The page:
An astonishing one quarter of adults between the ages of eighteen and thirty-five have grown up in divorced families. Now, as this generation comes of age, Between Two Worlds will speak to them like no other book.
Marquardt’s data is undeniably compelling, but at the heart of her book are stories—of reunions with one parent that were always partings from the other, of struggles to adapt to a parent’s moods, of the burden of having to figure out the important questions in life alone. Authoritative, beautifully written, and filled with brave, sad, unflinchingly honest voices, Between Two Worlds is a book of transforming power for the adult children of divorce, whose real experiences have for too long gone unrecognized.
Based on a pioneering new study, Between Two Worlds is a book of transforming power for anyone who grew up with divorced parents.
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|Title of eBook: Between Two Worlds|
|Release Date: 09-26-2006|
|Allowed Countries (hover)|
|Publisher: Crown Publishing Group|
This eBook download is available in the following formats:
|Parent title||Between Two Worlds|
|Devices||Samsung Tablet, Apple Ipad & Iphone, Barnes & Noble Nook, Kobo eReader, Aluratek Libre, Iliad, Nokia, Blackberry, Hanlin|
|Note||ePub, short for electronic publication is one of our favorites and should be yours for a couple of reasons. ePub offers reflowable text giving you flexibility to manipulate how the content is presented. Moreover, lots of cool features are now being developed for the reader like advanced video and audio. ePub is now an industry standard, so all of the "non-propreitary" hardware manufacturers are now supporting it.|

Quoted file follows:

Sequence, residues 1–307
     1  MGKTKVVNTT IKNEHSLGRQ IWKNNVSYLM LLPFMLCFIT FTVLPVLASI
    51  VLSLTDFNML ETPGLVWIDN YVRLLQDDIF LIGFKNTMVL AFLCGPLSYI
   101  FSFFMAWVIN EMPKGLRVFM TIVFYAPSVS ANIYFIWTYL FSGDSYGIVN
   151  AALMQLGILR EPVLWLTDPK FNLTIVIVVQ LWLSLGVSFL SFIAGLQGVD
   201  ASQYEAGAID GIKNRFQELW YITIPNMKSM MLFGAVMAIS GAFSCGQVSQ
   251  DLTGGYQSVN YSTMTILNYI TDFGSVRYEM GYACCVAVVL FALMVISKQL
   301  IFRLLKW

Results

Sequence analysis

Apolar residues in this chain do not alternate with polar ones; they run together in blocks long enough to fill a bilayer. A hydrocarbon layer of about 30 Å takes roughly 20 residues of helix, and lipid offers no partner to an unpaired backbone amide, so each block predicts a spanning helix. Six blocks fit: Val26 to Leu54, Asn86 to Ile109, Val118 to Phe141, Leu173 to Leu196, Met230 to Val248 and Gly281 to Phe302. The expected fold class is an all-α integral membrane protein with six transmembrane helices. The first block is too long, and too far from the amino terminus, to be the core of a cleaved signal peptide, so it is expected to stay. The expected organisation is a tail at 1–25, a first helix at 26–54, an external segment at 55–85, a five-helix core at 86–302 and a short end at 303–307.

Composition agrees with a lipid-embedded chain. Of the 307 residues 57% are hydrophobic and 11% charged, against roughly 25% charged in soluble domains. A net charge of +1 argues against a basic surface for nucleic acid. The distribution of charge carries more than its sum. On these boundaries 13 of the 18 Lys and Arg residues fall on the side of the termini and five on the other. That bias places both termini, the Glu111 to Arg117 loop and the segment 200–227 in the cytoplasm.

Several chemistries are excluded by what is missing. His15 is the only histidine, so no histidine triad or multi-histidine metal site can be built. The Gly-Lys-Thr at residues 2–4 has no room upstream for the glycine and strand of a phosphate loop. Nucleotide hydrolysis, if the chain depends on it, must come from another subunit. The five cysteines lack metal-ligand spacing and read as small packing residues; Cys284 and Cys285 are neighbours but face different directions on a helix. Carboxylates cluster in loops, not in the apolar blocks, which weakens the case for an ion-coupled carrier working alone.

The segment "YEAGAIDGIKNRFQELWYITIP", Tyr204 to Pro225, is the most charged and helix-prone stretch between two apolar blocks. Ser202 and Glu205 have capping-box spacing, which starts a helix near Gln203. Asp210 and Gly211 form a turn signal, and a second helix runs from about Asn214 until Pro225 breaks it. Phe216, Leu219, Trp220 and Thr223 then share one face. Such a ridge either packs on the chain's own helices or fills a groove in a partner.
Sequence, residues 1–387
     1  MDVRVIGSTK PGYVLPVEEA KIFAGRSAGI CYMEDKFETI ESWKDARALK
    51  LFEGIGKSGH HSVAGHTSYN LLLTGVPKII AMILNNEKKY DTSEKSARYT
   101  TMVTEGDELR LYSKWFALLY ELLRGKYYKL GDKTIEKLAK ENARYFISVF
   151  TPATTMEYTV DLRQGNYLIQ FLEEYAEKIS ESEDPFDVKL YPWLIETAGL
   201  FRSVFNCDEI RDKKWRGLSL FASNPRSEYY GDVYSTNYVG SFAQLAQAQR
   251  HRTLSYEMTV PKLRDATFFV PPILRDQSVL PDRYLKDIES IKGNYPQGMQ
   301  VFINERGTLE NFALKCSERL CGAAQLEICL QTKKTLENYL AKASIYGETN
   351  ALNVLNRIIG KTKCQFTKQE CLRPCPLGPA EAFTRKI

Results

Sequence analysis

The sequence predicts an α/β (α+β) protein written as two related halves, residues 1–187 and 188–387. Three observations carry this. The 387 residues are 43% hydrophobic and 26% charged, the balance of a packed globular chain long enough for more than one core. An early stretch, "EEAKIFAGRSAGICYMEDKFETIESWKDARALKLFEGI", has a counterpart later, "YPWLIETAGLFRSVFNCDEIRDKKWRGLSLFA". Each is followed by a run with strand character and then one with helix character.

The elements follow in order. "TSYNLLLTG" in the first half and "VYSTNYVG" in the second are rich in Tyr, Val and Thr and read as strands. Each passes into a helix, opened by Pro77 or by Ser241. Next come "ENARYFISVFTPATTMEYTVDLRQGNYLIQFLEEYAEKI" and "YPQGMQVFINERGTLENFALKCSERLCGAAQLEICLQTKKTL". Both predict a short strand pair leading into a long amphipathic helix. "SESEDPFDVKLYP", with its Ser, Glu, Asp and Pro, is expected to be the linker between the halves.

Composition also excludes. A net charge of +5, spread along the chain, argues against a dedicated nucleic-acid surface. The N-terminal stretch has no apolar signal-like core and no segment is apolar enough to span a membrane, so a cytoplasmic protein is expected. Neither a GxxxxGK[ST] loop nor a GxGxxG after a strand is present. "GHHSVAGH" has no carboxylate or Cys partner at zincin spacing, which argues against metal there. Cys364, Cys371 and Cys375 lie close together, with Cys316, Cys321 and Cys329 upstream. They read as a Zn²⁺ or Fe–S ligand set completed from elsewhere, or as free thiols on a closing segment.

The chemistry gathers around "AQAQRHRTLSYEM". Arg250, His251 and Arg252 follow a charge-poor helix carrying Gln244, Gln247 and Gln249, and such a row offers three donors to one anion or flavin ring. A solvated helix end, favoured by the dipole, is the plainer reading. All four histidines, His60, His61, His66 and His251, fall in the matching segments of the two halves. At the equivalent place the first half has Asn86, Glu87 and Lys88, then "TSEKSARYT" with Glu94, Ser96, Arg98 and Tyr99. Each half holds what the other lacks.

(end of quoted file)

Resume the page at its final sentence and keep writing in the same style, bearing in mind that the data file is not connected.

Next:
Between Two Worlds
1: Growing Up Divorced
When I was growing up, divorce was an all-but-nonexistent topic of conversation. Beyond my own siblings I knew few other children of divorce; much less did I have any sense that I was part of a brand-new cohort, a generation of children marked by the first era of widespread divorce. I did, however, always feel "different" as a child; in the lingo of the seventies I thought of myself as a "weirdo." But I assumed my weirdness was part of who I was. Sometimes I took pride in it, but more often I felt lonely because of it.
It was only in my early twenties that I began to understand how common the experience of having divorced parents was. Only then did I begin to wonder how divorce might have shaped me as a person. I was born in 1970, just as the no-fault divorce revolution started sweeping the country. California was the first state to pass such legislation, in 1969, and virtually all the other states followed. My own parents, high-school sweethearts who were among the top graduates of their class in a small town in North Carolina, married in their first year of college, had me in their sophomore year, and separated when I was two years old.
In the very early pictures of our family my dad has a shaggy haircut, barely covering his ears, that scandalized his father. My mother wears her hair differently in nearly every photo and is clad in hippie regalia—pretty, homemade crocheted vests and snug-fitting shirts and jeans. I am usually dressed in overalls or, for special occasions, in dresses that she and her mother and grandmother sewed for me.